Oregon Legislative Assembly
|Houses|| Senate |
House of Representatives
|Seats||90 (60 in the House; 30 in the Senate)|
Senate political groups
House of Representatives political groups
|Salary||$22,260 per year (Speaker of House and President of Senate receive $44,520 per year), as of 2013|
Senate last election
|November 3, 2020|
House of Representatives last election
|November 3, 2020|
|Oregon State Capitol, Salem|
The Oregon Legislative Assembly is the state legislature for the U.S. state of Oregon. The Legislative Assembly is bicameral, consisting of an upper and lower house: the Senate, whose 30 members are elected to serve four-year terms; and the House of Representatives, with 60 members elected to two-year terms. There are no term limits for either house in the Legislative Assembly.
Each Senate district is composed of exactly two House districts: Senate District 1 contains House Districts 1 and 2, SD 2 contains HD 3 and HD 4, and so on. (Maps of Senate districts can be found in the Oregon State Senate article.)
The legislature is termed as a "citizens' assembly" (meaning that most legislators have other jobs.) Since 1885, its regular sessions occurred in odd-numbered years, beginning on the second Monday in January.Effective 2012, the legislature moved into an annual session, with the even-numbered years having a 35-day "short session" beginning in February.
Bills may be introduced in either house, and must flow through a committee before being voted upon. Bills calling for increased revenue must be introduced in the House of Representatives.
A legislative resolution referred to voters in the Nov. 2010 general election amended the state's constitution and changed the schedule of regular sessions from bi-annual to annual.Senate Joint Resolution 41 was voted on as state Ballot Measure 71, which passed statewide by a margin of more than 2 to 1.
With limited exceptions, the constitutional changes enacted through Measure 71 limit the length of legislative sessions beginning in odd-numbered years to 160 calendar days, and sessions beginning in even-numbered years to 35 calendar days. The changes took effect with the 2011 session.
The first 35 regular sessions (i.e. until 1929) lasted 50 days or less. Since 1949 no annual session was shorter than 100 days. The longest session was the 72nd regular session, at 227 days, ending August 27, 2003. More recent sessions ended in June or July.
The Governor of Oregon was the only person who could call the assembly into special sessions until 1976, when voters approved a constitutional amendment allowing the legislature to call itself into session.In either case, special sessions are permitted only "in the event of an emergency." Voters narrowly defeated a constitutional amendment in 1990 that would have established annual sessions.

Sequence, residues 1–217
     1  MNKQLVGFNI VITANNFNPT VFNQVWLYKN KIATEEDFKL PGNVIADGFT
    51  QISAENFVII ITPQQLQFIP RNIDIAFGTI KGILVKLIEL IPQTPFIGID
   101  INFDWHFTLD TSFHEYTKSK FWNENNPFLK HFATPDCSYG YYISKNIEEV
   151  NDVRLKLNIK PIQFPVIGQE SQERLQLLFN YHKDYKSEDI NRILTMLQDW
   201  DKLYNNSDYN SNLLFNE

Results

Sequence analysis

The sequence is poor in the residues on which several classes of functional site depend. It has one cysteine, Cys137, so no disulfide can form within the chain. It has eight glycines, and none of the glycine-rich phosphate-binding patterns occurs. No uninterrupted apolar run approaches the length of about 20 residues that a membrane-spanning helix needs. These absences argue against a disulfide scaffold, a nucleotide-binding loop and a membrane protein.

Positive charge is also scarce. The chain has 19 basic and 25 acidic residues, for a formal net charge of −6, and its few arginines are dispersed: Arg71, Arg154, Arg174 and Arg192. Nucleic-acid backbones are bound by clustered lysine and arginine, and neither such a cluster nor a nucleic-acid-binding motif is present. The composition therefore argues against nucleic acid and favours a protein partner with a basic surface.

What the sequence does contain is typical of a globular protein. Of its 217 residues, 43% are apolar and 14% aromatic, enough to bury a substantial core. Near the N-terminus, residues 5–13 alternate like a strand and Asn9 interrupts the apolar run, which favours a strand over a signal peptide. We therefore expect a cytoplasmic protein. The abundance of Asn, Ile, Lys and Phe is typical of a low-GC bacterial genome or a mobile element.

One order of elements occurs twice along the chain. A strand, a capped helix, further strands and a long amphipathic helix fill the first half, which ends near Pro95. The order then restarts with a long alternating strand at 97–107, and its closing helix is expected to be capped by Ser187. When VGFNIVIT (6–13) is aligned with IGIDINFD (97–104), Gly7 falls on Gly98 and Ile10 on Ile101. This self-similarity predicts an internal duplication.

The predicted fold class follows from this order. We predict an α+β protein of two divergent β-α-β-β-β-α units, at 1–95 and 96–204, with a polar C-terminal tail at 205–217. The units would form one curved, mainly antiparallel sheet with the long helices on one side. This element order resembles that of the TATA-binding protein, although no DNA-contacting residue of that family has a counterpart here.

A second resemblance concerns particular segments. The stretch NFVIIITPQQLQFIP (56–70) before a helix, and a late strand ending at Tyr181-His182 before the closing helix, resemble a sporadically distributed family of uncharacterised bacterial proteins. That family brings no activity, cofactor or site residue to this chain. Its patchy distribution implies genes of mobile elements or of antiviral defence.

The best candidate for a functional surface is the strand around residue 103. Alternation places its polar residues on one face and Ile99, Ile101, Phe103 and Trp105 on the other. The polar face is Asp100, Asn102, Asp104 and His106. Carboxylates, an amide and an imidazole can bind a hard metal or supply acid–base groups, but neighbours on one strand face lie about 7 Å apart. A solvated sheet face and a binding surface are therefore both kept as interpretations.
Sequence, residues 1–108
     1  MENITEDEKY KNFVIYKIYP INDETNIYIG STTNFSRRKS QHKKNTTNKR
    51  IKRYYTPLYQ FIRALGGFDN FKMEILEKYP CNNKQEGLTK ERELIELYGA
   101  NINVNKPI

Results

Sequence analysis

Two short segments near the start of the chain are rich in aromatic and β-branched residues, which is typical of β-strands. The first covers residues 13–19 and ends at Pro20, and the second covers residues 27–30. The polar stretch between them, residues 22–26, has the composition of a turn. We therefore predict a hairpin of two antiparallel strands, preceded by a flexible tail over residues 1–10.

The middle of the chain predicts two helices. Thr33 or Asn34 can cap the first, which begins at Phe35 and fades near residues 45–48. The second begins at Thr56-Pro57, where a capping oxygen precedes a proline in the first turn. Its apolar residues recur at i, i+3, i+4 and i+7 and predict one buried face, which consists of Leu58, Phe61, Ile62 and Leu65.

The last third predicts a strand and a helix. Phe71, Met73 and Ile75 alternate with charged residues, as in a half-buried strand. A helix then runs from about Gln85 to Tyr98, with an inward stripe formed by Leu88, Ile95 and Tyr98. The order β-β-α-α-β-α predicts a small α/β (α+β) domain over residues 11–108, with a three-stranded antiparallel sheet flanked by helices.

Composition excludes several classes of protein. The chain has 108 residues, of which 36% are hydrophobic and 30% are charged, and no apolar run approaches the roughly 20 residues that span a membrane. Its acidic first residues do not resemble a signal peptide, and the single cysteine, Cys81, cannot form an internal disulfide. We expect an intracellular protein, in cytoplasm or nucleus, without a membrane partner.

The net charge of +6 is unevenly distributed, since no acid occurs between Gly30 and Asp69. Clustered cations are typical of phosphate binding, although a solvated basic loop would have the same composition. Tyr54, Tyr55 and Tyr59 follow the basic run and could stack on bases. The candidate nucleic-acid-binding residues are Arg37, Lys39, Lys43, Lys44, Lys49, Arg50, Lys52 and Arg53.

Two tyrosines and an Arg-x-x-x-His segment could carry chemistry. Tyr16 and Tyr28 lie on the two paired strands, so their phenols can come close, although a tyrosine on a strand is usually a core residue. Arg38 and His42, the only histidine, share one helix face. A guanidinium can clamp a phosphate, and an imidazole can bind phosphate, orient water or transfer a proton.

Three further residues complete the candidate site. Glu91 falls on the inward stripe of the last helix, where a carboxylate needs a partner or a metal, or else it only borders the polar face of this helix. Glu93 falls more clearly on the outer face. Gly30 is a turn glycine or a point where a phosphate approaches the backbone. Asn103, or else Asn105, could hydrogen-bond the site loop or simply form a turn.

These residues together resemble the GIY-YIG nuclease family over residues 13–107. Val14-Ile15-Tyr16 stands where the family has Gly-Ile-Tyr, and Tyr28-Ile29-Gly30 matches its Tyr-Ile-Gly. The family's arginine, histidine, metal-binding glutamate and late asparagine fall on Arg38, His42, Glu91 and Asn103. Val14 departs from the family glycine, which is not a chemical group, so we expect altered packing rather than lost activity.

In 1982 a special session lasted 37 days, and the governor called the assembly into special session five times in 2002, for a total of 52 days. The 2006 special session was the shortest in Oregon's history: five pieces of legislation were passed in only six hours. The legislative body may also call itself into special session "in the event of an emergency," although it has never done so.
The legislature's regular sessions were every two years until 2009. The legislative session in 2010 that referred Measure 71 to voters was a special session approved during the 2009 session by a majority of legislators, who were hoping to eventually win approval of a change to regular annual sessions. The push for annual sessions dates back to at least 1981, when a poll of legislators found that two-thirds favored a shift to annual sessions.
In the interim between legislative sessions, special study groups made up of state legislators with interests or expertise in the specific study areas investigate issues that will be addressed during the next legislative session. In addition, the state's legislative Emergency Board, which is jointly chaired by the President of the Senate and the Speaker of the House, can take action to provide additional funds to state agencies for activities required by law or that arise unexpectedly during the legislative interim.
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The Washington State Legislature is the state legislature of the U.S. state of Washington. It is a bicameral body, composed of the lower Washington House of Representatives, composed of 98 Representatives, and the upper Washington State Senate, with 49 Senators plus the Lieutenant Governor acting as President. The state is divided into 49 legislative districts, each of which elect one senator and two representatives.
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Peter C. Courtney is an American career politician, lawyer, and professor who is currently a Democratic member of the Oregon State Senate, representing the 11th District since 1999. He is currently President of the Senate, serving since 2003. He was a member of the Oregon House of Representatives in 1981, 1983, and from 1989 through 1998. Courtney teaches at Western Oregon University.
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The 75th Oregon Legislative Assembly convened beginning on January 12, 2009, for its biennial regular session. All of the 60 seats in the House of Representatives and half of the 30 seats in the State Senate were up for election in 2008; the general election for those seats took place on November 4.
The 57th Oregon Legislative Assembly convened for its regular session from January 8 to July 6, 1973. There was also a special session from January 24 to February 24, 1974.
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